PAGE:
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Kapow! Comics reopens after fire, plans in expansion
Diehl WEB
Andy Diehl, owner of Kapow! Comics, Gaming & Toys at Lanier Crossing checks stock in the newly reopened store. - photo by Kelly Whitmire

CUMMING -- After three weeks, local comic book fans and gamers can return to their not-so-secret headquarters.

Kapow! Comics, Gaming & Toys at Lanier Crossing in Cumming reopened its doors on Friday after a fire closed the store, meaning their customers can finally get their comics, cards and other items. Owner Andy Diehl said it was great to see everyone back.

“It’s awesome,” Diehl said. “We’ve got all the kids in here now and they’re coming in. They’re happy and smiling again instead of being sad. So yeah, we’re thrilled to have the store open again.”

Employees were not the only excited faces in the store Friday.

“I’m really happy that I can finally come back to my favorite comic book store to get some Pokémon and comic books,” said Addison Trawick, a third grader at Chattahoochee Elementary who was at the store with her dad, Keith. “I’m just really happy it’s reopened.”

Trawick said her favorite items at the store are Teen Titan comic books and Pokémon.

“We started collecting from No. 12 all the way to No. 20 in Teen Titans Go comic books and that will keep going for me until the series is over,” she said. “What I really like about Pokémon is you can battle them and have so much cool and fun stuff with them, and even collect the cards.”

Diehl said kids had been at the store since it opened that morning, thanks to Forsyth County Schools’ schedule.

“They’re just happy it was open,” he said. “Schools were out today or they were on a half-day, so the kids the first thing they said to their parent’s was, ‘I want to go to Kapow.’ And that’s all we’ve had rushing in since 11 this morning is kids,” he said.

It’s not surprising for customers to be excited, since the store had to push back the opening to deal with the impact of a fire that destroyed more than a million collectible game cards, over 1,000 video games and collections of comics dating back to the 1960s.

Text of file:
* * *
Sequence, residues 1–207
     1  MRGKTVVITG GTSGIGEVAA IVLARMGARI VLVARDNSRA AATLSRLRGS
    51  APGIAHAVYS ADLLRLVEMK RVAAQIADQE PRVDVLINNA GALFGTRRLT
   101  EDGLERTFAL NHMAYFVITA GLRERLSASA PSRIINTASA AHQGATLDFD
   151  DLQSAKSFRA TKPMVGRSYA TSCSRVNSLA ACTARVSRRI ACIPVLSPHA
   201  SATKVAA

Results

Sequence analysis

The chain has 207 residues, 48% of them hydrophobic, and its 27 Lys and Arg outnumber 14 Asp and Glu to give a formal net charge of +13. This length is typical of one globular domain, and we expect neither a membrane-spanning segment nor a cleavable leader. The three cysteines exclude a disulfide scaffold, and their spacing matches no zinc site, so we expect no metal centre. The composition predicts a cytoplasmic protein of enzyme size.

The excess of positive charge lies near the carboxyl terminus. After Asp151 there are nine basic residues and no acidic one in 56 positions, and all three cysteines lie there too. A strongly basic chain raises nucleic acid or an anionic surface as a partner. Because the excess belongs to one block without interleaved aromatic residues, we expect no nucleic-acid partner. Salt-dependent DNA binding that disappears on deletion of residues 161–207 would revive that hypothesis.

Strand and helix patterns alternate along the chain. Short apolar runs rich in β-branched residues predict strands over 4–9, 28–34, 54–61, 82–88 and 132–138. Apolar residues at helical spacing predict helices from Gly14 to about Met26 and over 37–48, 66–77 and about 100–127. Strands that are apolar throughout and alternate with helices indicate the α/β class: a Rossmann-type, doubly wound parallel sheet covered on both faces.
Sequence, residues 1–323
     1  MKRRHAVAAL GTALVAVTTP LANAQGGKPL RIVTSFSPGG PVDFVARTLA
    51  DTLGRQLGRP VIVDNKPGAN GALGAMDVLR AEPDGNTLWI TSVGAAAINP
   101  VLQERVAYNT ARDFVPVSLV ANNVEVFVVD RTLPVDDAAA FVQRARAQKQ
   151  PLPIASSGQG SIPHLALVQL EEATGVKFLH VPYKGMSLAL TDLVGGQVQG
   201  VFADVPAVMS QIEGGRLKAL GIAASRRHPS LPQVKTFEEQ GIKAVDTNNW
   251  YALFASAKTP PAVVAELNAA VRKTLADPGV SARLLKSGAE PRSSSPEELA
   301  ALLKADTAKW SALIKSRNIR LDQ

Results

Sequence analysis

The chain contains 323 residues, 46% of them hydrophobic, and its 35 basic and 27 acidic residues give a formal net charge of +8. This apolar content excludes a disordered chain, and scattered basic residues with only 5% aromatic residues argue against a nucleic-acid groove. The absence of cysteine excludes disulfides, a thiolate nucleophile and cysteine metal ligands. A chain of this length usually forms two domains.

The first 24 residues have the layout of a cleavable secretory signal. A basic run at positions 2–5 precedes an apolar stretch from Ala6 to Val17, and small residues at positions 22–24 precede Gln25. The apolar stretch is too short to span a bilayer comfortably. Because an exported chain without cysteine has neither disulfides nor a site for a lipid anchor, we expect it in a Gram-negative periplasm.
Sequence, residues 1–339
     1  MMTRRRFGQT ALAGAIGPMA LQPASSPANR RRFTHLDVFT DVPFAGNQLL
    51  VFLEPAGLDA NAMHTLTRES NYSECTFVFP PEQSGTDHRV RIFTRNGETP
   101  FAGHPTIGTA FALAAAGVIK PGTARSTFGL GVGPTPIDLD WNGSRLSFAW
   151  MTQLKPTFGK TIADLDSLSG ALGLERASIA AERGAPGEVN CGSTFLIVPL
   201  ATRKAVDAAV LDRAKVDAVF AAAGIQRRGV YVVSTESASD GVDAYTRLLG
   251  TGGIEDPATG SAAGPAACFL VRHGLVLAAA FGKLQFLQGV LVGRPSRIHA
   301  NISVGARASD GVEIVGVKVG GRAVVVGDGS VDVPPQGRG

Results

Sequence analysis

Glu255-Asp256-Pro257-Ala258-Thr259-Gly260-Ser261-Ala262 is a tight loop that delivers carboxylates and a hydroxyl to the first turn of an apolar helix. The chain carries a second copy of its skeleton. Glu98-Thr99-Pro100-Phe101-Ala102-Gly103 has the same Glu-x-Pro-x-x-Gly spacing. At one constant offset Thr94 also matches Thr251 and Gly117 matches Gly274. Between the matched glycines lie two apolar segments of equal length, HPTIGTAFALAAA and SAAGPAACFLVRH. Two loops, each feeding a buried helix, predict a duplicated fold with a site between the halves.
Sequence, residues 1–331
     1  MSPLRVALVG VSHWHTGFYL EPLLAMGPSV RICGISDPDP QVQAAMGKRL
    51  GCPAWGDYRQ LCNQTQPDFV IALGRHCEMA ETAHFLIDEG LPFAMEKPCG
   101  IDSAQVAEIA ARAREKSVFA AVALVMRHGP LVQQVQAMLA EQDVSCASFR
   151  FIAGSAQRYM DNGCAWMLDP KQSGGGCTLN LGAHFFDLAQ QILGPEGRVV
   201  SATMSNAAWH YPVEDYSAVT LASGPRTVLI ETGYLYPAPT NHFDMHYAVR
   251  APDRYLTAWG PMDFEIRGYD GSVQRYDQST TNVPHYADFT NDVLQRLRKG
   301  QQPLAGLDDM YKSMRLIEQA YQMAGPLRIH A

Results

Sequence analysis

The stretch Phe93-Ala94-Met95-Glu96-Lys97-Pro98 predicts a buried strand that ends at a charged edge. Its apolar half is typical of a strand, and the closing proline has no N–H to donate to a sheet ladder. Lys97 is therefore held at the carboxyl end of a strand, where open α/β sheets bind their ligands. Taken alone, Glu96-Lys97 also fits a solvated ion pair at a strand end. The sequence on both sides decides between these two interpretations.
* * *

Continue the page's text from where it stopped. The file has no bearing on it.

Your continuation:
Diehl said he has been working with contractors, insurance companies and others just to get the store open and even had workers finishing parts of the store on Friday.

“We had a lot of volunteers that helped, and it took us working 12-14 hours a day,” he said.

Though the store is open, there is still work to be done.

“The lighting isn’t good enough in the store; we have to get new lights installed. We’ve got a lot of other things to do,” he said.

With the lost inventory, the store is also now looking for sellers.

“We’ve already informed people that, ‘Hey, if you got stuff to sell us bring it to the store. We’re going to buy it. We lost a lot of stuff — we need your retro video games,’” Diehl said.

Though the inventory may have shrunk for now, the store is expected to grow by expanding into an adjoining suite.

“We’re probably going to expand into this building and just make our business bigger,” Diehl said. “We know it can grow, we’re just going to go ahead and get the space while it’s available to grow it.”